Another group of chemicals was banned around the same time. The drins were a group of hydrocarbon insecticides commercialised by the oil company Shell in the 1950s (Van Zanden et al., 2007, pp. 350–1); chemicals like Aldrin, Dieldrin, Endrin, Phosdrin and Bisdren. They were very efficient at killing all kinds of invertebrates including mosquitoes and pests on crops (from flies to caterpillars). Their popularity ended some time after the publication of Silent Spring by Rachel Carson which described Dieldrin as 40x more toxic than DDT and Endrin 300x more toxic than DDT in birds (Carson, 1962, pp. 26–7). Because they were persistent chemicals which did not break down, they also caused diseases in humans after long-term exposure (Krieger et al., 2010, p. 1305). The publication of Silent Spring led to the growth of a new environmental movement, and the chemicals were eventually banned in the EU in 1991 and across most of the rest of the world before this. After the drins were banned, Shell disposed of old product by pumping it into trenches and pits around the Rocky Mountain Arsenal (Van Zanden et al., 2007, p. 438). It contaminated the ground water, devastated the surrounding landscape and led to a decade of legal battles about who should clean it up (Wiley and Rhodes, 1998).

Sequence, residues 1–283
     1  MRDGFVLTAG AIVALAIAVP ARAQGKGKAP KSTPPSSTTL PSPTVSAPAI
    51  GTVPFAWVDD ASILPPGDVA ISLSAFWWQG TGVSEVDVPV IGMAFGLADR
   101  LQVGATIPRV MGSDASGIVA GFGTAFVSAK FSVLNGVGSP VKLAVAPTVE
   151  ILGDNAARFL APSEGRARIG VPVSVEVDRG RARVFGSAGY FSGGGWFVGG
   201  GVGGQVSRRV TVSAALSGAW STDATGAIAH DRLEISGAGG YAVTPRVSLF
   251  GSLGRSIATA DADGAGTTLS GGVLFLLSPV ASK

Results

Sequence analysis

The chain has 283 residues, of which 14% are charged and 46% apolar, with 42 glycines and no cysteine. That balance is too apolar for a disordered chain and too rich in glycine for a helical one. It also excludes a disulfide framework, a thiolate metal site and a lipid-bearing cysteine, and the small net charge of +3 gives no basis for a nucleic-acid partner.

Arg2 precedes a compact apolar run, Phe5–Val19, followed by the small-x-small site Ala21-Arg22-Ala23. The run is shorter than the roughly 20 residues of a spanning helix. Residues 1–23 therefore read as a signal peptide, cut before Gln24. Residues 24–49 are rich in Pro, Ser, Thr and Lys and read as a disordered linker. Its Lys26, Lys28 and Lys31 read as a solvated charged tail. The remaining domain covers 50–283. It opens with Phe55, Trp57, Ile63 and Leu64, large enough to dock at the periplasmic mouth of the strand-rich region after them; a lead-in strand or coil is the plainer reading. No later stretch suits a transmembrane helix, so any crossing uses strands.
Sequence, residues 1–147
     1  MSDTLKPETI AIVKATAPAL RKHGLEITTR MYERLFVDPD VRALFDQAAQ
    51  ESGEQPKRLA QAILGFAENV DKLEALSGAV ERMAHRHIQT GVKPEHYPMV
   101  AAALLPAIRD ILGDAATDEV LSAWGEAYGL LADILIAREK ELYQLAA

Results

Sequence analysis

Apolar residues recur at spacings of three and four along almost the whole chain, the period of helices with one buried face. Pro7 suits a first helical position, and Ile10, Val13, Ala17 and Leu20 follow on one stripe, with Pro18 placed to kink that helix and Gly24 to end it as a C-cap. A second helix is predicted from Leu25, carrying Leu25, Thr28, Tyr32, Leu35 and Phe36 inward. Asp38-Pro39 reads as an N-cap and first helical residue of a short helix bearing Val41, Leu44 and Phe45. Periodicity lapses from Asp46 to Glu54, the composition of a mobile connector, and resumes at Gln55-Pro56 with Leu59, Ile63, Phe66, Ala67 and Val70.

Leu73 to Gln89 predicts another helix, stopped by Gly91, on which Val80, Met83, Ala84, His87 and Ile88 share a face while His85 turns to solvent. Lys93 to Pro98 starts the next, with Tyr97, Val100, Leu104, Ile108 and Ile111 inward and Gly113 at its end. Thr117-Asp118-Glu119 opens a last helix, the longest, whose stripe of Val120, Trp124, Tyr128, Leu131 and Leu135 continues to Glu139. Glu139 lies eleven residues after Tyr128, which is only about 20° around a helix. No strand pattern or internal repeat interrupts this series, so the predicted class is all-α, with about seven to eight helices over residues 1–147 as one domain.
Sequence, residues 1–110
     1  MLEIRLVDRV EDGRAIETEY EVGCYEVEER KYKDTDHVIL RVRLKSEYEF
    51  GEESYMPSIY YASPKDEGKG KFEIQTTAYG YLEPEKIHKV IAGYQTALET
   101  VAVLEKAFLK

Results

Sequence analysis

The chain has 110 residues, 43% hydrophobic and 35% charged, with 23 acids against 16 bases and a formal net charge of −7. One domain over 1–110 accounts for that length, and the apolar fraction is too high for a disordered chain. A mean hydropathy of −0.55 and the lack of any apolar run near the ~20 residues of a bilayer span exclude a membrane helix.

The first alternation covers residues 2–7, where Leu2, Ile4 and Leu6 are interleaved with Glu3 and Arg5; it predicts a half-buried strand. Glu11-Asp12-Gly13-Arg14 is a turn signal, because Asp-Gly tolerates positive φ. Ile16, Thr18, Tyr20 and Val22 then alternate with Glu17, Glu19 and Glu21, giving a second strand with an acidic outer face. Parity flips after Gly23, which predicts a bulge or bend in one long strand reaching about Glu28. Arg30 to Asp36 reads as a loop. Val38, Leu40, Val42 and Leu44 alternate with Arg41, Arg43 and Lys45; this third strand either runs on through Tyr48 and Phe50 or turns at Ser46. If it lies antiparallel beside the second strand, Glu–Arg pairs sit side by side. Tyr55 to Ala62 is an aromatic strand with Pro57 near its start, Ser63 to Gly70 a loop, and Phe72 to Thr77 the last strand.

Organophophates